Well, maybe not “all.” But they did tell People (to the great annoyance of the rest of the MSM) that:
they will not endorse either remaining candidate, saving their political capital for their own causes – his, fighting poverty; hers, fighting for universal health care.
They also went into some detail about what they liked and didn’t like about each candidate:
Mrs. Edwards didn’t hesitate: “I like Hillary’s health care plan.”
What doesn’t she like about the senator from New York and former first lady? “The lobbyist money,” she adds.
On Obama, she says: “The fact that he has motivated so many young people to be involved, I think is fantastic.”
But, she adds: “I don’t like his health care plan or his advertising on health care, which I think is misleading.” …
[John said] “I like something different about Hillary. I think her tenacity shows a real strength that’s inside her.”
What doesn’t he like about Clinton? “Um, still a lot of the old politics,” John Edwards said.
As for Obama, he says: “Sometimes I want to see more substance under the rhetoric.”
But he cited two things he likes about the charismatic young senator from Illinois: “One is, I think he really does want to bring about serious change and a different way of doing things. And secondly, I think it’s a great symbolic thing to have an African-American who could be president.”
And here’s the best line, immediately following John’s “symbolic thing” comment:
At that, Mrs. Edwards rolled her eyes and, gripping the arms of her kitchen chair with some exaggeration, seemed about to lunge from her seat. “What about the great symbolic thing about a woman …”
“It’s important. It’s important,” her husband said. “I know it.”
Insert your own punch line here.
The “msm” is often accused of creating of focusing on simplified narratives that they almost create out of whole cloth and then repeat until the American public swallows them whole.
p>And yet the Edwards, who are anything but naive about candidates or the information available about them, don’t seem to have a lot of different feelings.
p>Should they be criticized for not finding the substance available about Obama’s plans?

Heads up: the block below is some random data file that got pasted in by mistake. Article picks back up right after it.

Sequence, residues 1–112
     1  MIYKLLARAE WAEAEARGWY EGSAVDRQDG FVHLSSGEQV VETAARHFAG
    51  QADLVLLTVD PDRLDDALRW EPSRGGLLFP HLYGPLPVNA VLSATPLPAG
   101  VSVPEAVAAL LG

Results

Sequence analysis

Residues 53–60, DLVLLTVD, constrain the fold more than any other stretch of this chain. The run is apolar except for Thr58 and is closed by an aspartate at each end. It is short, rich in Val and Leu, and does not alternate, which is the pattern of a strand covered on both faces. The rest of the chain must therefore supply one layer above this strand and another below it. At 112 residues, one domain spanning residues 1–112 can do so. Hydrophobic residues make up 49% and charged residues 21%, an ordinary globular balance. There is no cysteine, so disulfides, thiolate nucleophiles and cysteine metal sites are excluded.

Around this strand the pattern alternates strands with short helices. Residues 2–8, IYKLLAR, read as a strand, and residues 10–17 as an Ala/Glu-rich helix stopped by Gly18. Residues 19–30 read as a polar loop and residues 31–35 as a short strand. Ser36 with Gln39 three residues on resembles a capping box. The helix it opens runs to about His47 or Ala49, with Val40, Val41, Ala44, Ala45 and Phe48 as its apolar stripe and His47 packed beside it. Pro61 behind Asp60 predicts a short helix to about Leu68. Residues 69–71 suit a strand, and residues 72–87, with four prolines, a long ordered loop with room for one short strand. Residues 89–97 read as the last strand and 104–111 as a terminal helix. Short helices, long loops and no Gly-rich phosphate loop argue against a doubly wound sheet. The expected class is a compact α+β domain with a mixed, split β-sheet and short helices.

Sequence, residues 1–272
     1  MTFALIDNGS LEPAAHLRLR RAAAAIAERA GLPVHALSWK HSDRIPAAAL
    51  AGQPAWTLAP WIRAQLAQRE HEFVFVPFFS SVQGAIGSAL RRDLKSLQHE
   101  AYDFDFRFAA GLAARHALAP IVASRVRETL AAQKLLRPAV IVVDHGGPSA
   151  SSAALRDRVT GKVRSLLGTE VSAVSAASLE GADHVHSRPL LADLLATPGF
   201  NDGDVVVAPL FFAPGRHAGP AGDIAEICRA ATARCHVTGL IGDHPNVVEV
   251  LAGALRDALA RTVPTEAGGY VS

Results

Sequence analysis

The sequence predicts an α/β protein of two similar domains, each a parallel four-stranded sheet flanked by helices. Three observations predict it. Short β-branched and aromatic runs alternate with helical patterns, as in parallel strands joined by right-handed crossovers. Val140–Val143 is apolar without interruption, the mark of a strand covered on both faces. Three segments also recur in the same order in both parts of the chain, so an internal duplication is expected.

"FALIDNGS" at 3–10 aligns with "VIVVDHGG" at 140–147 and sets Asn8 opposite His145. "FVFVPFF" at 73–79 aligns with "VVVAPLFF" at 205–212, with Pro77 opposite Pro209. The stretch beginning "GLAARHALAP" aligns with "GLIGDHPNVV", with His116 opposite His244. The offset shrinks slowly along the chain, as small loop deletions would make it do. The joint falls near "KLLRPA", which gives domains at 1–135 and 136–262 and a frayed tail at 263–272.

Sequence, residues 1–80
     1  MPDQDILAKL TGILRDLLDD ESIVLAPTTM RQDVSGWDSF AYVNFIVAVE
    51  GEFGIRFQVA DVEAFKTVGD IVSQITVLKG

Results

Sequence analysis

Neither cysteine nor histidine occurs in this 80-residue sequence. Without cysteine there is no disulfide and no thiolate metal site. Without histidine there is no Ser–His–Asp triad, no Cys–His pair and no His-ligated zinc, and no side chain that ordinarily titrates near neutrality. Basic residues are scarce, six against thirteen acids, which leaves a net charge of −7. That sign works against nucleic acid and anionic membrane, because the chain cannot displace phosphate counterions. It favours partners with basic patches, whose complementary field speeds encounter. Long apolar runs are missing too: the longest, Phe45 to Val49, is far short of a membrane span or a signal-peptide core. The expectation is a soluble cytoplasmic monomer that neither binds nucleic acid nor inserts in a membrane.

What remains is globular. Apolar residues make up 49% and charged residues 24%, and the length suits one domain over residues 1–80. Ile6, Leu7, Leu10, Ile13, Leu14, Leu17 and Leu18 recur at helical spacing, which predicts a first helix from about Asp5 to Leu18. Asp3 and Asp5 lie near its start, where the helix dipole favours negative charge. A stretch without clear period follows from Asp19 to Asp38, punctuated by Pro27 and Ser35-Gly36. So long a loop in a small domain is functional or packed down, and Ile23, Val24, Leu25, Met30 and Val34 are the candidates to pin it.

p>Should they think twice about Hillary’s integrity?
p>Or are they now to be considered “compromised”? Simply two more American folk who have fallen for whatever the media peddles?
p>Rather than being annoyed with this, I think the msm actually could find some validation in this, much to the annoyance of some bloggers.
about the annoyance of the MSM is that the Edwardses gave the interview to People, as opposed to, say, Newsweek or some other “respectable” publication. You can feel the sneering disapproval dripping off of MSM reports about this interview. Quite amusing.
If hes not endorsing and therby rallying his pledged delegates to one of the two remaining candidates than it really doesn’t matter what he thinks. He’s an unemployed American who does not hold elective office and is not running for one, so basically his opinion is just as valid as mine which is why People should interview me instead.
p>He’s old news and in four years John boy will be an afterthought.
they didn’t stop liking/respecting the guy just because he had to drop out of the race. just a guess…
The old fashioned kind of letter. You know, written in longhand, my best palmer script.
p>From communications with other diehard John Edwards Supporters [our shorthand for this him is JRE, by the way] NONE of us want JRE to endorse anyone, and all of us still prefer him to any active candidate.
p>And, as far as I am concerned, the fact that John while unemployed [or maybe retired, or maybe self-employed as he once was and as I have been since 1981] choose People magazine may be because…[drum roll] People magazine gives longer more accurate quotes and less punditry.